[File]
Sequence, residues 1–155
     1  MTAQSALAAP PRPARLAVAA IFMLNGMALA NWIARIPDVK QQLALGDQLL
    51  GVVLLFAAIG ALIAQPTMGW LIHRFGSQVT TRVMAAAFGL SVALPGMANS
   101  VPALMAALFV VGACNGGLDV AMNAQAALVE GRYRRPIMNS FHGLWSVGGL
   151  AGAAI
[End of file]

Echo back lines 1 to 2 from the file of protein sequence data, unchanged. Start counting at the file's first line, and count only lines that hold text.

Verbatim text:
Sequence, residues 1–155
     1  MTAQSALAAP PRPARLAVAA IFMLNGMALA NWIARIPDVK QQLALGDQLL